Each Friday Food Management compiles a list that highlights five things you probably missed in the onsite foodservice news that week and why you should care about them.
Here’s your list for the week of August 3:
1. Aramark lays out fall campus dining plans
Aramark, which operates dining services at hundreds of colleges and universities across the U.S., is introducing a variety of new programs and service offerings for the fall. Among them are an expanded Quick Eats Grab & Go program to include a full offering of hot and cold items for breakfast, lunch, dinner and snack occasions; technology solutions like Mashgin cashless/touchless self-checkout and the Good Uncle app-based on-demand food delivery service; and Local Restaurant Row, a concept that rotates local establishments to create a sense of community, support local business and combat menu fatigue.
2. Facebook extends work-from-home through next July
In an ominous sign for onsite dining programs in Silicon Valley, Facebook CEO Mark Zuckerberg announced in a weekly Q&A virtual meeting with employees that the company would be extending its policy for corporate employees to work from home until July 2021. Previously, Facebook said employees would start returning to its offices in January 2021.
While many of Facebook’s corporate engineers, designers, and business managers can mostly perform their jobs from home, it’s unclear what will happen to the thousands of service workers who normally keep Facebook’s physical offices running. Facebook uses third-party contractors to staff positions such as janitors, cafeteria workers and shuttle bus drivers who take corporate employees to work and home.
3. Major North Texas school districts outline fall dining plans
Dallas ISD plans to offer both virtual and face-to-face learning when school starts on Sept. 8. That means, there will be designated areas that will be utilized for lunch. These areas could include the cafeteria, the library, or other large areas within the school building.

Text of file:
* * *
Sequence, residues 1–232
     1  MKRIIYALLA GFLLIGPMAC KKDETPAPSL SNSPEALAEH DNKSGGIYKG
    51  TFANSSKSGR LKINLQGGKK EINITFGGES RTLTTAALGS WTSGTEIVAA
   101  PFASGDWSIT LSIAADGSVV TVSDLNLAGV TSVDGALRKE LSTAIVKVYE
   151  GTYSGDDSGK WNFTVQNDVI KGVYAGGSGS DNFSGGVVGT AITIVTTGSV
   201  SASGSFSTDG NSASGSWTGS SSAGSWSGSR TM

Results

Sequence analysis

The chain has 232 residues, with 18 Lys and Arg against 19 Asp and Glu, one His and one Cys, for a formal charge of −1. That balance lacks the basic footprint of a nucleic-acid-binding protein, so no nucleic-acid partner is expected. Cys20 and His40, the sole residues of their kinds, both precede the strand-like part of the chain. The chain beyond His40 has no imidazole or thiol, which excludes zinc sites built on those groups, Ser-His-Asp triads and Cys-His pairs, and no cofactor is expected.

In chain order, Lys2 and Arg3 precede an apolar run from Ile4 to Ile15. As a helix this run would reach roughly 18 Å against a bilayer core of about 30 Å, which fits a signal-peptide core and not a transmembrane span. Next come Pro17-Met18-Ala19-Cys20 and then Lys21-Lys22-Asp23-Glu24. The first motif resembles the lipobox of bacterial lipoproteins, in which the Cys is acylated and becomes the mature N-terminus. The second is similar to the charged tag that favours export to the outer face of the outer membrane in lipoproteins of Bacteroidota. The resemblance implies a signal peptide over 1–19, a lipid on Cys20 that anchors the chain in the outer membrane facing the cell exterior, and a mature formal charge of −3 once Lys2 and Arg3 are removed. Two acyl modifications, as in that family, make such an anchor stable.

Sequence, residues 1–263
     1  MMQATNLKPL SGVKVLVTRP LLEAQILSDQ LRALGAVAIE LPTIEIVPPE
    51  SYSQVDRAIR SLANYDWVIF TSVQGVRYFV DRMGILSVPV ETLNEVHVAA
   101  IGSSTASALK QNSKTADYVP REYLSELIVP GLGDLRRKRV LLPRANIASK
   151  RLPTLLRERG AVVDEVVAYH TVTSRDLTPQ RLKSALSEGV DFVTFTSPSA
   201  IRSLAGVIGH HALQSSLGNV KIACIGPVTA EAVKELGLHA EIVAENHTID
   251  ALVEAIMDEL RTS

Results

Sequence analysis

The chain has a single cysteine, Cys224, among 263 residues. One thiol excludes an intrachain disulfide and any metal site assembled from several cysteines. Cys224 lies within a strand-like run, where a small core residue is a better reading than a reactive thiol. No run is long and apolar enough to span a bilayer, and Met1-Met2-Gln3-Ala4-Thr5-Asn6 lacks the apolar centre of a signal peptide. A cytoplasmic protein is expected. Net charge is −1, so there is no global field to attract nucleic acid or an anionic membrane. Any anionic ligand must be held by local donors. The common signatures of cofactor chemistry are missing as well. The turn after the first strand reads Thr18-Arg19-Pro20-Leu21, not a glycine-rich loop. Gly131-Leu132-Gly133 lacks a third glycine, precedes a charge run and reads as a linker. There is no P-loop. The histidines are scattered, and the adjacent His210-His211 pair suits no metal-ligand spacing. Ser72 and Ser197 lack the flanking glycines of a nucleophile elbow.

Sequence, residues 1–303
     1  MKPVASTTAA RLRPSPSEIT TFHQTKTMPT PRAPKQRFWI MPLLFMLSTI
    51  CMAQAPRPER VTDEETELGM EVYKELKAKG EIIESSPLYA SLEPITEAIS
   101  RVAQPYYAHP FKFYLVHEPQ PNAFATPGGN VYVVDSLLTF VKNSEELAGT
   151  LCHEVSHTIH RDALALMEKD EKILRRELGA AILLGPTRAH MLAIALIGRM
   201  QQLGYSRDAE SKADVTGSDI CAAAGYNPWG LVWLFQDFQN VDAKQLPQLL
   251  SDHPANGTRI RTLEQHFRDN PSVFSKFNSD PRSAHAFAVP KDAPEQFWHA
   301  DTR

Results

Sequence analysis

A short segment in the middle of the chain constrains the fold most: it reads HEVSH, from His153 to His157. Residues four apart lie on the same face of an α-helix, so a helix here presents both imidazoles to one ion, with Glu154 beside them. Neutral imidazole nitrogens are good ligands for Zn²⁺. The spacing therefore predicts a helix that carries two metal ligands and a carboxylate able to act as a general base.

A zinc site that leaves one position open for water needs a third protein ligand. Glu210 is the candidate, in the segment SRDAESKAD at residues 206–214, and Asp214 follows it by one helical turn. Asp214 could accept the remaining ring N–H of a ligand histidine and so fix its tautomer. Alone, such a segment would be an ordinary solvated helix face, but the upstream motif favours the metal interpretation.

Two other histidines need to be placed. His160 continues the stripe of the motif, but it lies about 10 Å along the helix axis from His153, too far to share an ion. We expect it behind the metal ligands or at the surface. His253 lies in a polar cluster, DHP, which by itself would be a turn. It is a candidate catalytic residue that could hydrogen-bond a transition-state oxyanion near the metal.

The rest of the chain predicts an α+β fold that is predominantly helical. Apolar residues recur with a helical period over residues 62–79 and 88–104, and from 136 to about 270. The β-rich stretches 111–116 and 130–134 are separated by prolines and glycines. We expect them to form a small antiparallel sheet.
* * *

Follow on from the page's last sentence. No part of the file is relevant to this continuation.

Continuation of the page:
Plano ISD taking a similar approach to Dallas when it comes to in-person lunches while Fort Worth ISD is sticking to their spring meal curbside plan. For Arlington ISD, students will get basically what they got before the pandemic, but this time with a few more options. There will be 30 distribution sites set up across Arlington ISD.
4. Tents to provide extra dining space at Baylor
Sixteen large tents are going up on the Baylor University campus as part of the preparation for a safe student experience during the pandemic. The tents are designed to be a spot for study space for an overflow crowd at libraries and academic buildings. They will also be outside all dining halls.
“What that’s gonna allow us to do is to decrease the density in our existing campus buildings by increasing the amount of square footage that we have available for dining overflow. For gathering spaces, study spaces, or even some student evenings in the meetings,” Baylor’s Vice President for Marketing and Communications Jason Cook says.
5. Thompson Hospitality to purchase bankrupt restaurant chain
Washington D.C.-based Matchbox Restaurant Group has filed for Chapter 11 reorganization and will be sold to Thompson Hospitality, pending bankruptcy court approval. Thompson is a major foodservice contract management company that placed ninth on the 2020 FM Top 50 Contract Management Companies listing with estimated 2019 revenues of $760 million.
Matchbox, which has 10 D.C.-area locations as well as units in Sunrise, Fla., and Dallas, partnered with Thompson two years ago to manage its restaurants and develop new ones.
Contact Mike Buzalka at [email protected]